A Netflix drama has helped to trigger a #MeToo moment in Taiwan, with scandals and accusations cropping up across the island’s political, judicial, and media realms. While outcry over these deep-seated social norms picks up, changes are already happening, including prospective legal reforms.
In late May, many Taiwanese were captivated by a fictitious plot from the popular Netflix show "Wave Makers," which features a senior political party member promising to speak up for a junior staffer who suffers from workplace sexual assault.
On May 31, a former Democratic Progressive Party (DPP) staffer named Chen Chien-jou posted on Facebook that Hsu Chia-tien, then deputy secretary-general of the party, had dismissed her sexual harassment plea at work. Chen said "Wave Makers" inspired her to act, and her post sparked related allegations inside the DPP, as more party workers, mostly women, reported similar experiences. Hsu resigned on June 1 and Tsai Mu-lin, Taiwan’s vice minister of labour, stepped down the same day after being accused of allegedly covering up sexual abuse cases and making disrespectful remarks towards women. Taiwanese president and former DPP chairperson Tsai Ing-wen, as well as current party chairman and presidential candidate Lai Ching-te, both apologized multiple times on behalf of the party. Taiwan's main opposition party, the Kuomintang (KMT), also saw sexual misconduct cases filed in June against three of its Legislative Yuan members.
Workplace #MeToo scandals quickly stormed the island’s judicial and education systems, as well as its media and arts industries. Many prominent figures were accused of making unwanted sexual advances towards subordinates or colleagues. The Judicial Yuan announced on June 19 that it would end all collaborations with Mickey Huang, a well-known television host in Taiwan, after he admitted to assaulting and taking nude photos of a 17-year-old female internet celebrity in 2018. On June 21, pop singer Aaron Yan was stripped of the ‘10 Outstanding Young Persons’ title, a government award for role models in their fields, after being accused of allegedly penetrating and filming sex tapes with his then-underage ex-boyfriend without consent in 2018. To answer experts’ calls and appease public outrage, the Executive Yuan proposed on June 15 to amend the Sexual Harassment Prevention Act, the Gender Equity Education Act, and the Act of Gender Equality in Employment, which will tentatively be sent to the Legislative Yuan by mid-July.
Taiwan’s #MeToo wave has reignited public debates on the loopholes in its criminal justice system, which, owing to narrow legal definitions, often frustrate the reporting efforts of victims of sexual harassment. For example, legal experts pointed out that the Sexual Harassment Prevention Act discounts sexual contact that is ‘friendly’ or ‘joking.’
The incidents within the DPP also disappointed voters, seemingly contradicting the party’s credibility as a force for gender rights and equality. In fact, some late-June presidential primary polls suggested that support for the rival Taiwan People’s Party is edging up.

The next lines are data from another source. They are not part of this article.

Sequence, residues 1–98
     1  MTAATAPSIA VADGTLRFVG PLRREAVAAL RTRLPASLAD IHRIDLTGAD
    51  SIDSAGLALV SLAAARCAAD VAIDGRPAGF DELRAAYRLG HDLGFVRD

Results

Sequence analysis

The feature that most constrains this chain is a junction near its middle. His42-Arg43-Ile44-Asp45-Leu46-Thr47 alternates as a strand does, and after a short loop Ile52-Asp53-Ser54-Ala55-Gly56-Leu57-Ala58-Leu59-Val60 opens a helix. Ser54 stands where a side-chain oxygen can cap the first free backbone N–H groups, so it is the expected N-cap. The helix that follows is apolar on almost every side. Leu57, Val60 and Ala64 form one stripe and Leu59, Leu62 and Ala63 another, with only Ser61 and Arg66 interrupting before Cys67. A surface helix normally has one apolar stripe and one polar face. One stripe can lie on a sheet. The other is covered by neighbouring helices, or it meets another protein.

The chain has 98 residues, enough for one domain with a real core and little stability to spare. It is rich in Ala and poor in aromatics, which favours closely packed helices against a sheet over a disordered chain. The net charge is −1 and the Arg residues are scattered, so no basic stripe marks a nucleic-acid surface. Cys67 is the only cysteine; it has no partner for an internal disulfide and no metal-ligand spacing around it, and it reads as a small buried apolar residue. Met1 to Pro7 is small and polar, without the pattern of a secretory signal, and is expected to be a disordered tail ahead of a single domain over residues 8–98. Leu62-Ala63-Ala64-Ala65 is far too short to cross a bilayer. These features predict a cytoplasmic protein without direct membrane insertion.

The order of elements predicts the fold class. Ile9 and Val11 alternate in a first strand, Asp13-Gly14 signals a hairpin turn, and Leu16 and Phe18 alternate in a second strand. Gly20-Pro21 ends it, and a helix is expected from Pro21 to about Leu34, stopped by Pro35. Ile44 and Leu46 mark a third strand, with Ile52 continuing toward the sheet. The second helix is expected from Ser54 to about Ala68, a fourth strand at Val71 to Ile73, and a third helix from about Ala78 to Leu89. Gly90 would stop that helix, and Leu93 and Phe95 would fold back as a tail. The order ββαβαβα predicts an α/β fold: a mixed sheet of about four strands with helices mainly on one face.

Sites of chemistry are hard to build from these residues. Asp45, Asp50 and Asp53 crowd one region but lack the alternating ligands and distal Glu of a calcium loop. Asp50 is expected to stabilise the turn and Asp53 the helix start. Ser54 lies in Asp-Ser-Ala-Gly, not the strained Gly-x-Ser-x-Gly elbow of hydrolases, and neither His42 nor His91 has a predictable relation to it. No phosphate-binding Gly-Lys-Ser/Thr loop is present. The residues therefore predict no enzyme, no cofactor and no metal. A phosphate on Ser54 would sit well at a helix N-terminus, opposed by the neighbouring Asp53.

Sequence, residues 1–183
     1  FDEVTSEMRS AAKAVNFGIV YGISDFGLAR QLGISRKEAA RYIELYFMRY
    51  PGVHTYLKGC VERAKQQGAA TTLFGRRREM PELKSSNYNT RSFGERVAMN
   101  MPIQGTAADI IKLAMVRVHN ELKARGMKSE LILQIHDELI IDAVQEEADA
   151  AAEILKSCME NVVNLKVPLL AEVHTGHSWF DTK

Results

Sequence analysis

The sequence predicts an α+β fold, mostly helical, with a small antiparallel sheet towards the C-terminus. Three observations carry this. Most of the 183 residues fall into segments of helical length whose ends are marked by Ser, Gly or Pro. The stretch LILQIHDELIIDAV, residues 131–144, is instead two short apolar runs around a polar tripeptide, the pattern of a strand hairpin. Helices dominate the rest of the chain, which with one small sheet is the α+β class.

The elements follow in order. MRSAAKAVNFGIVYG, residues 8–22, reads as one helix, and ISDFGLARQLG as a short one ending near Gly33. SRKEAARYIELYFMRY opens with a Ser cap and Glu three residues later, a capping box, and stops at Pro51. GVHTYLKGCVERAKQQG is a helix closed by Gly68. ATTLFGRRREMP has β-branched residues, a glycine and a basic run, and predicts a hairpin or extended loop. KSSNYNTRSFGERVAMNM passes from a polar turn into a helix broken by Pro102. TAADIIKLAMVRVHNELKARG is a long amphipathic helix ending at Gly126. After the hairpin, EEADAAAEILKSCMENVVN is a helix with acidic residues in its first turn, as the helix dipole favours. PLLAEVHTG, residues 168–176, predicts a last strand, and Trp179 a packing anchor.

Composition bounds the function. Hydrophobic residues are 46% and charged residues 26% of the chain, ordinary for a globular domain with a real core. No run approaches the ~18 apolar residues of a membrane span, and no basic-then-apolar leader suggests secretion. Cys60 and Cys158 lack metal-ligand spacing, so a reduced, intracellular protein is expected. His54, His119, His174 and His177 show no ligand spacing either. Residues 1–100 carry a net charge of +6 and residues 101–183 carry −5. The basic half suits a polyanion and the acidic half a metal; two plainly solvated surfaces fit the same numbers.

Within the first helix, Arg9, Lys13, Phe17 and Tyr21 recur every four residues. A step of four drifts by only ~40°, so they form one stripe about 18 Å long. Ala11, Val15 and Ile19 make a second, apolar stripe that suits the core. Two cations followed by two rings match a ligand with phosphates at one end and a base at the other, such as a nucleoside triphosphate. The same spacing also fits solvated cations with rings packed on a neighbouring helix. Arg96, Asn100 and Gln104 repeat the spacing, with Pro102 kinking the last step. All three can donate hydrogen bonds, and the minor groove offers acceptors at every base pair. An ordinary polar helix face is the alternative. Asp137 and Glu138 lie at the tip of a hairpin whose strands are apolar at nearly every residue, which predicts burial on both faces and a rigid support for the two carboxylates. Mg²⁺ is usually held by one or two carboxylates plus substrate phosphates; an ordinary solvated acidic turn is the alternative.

Meanwhile, Taiwan’s youth are rallying against the island’s deeply rooted patriarchal culture. Taiwan takes pride in its legal advancements on LGBTQ+ rights – and in having one of the world’s highest female participation rates in politics – but many Taiwanese find themselves still struggling with the everyday power imbalance brought on by gender, age, and seniority at work.
According to a 2022 survey from the Ministry of Labor, at least 3.3 per cent of female employees and 1.3 per cent of male employees in Taiwan face sexual harassment in the workplace, while one estimate suggests as much as 70-80 per cent of sexual assault victims choose not to report. Some are afraid of jeopardizing professional relationships and, when it comes to politics, the organization’s ‘bigger picture,’ such as campaigning for an election. Others find that social and legal contexts often favour offenders.
Some argue that Taiwan’s legal mechanism for handling sexual harassments, which requires complainants to provide evidence through a stringent set of procedures, reinforces the social norm that deters victims from speaking out. Even as the Executive Yuan has promised to "toughen punishment" and "simplify the complaint-filing process" in its imminent law amendment, more work remains to break social stigmas and "create an environment [for them] to report immediately."
Taiwanese lawmakers seek direction
When asked about the upcoming law reforms, Executive Yuan officials told reporters that they plan to take direction from the International Labour Organization’s Convention No. 190 (Eliminating Violence and Harassment in the World of Work), which Canada ratified in January 2023, as well as laws in the European Union and the United States. Processes such as third-party reporting that offer plaintiffs more options could serve as useful case studies for Taiwanese lawmakers to examine.
Political parties busy prepping for key election
As Taiwan’s next presidential election draws closer, parties are racing to address the emerging #MeToo controversies to avoid more blows to their credibility. The DPP, for example, hosted its first internal ‘Gender Equity Education’ class on June 13. While harassment scandals may continue to dominate younger voters’ attention, given the lack of a broader social consensus to prioritize these issues in view of other ‘at-stake’ topics of concern, its impact on election outcomes will likely remain limited.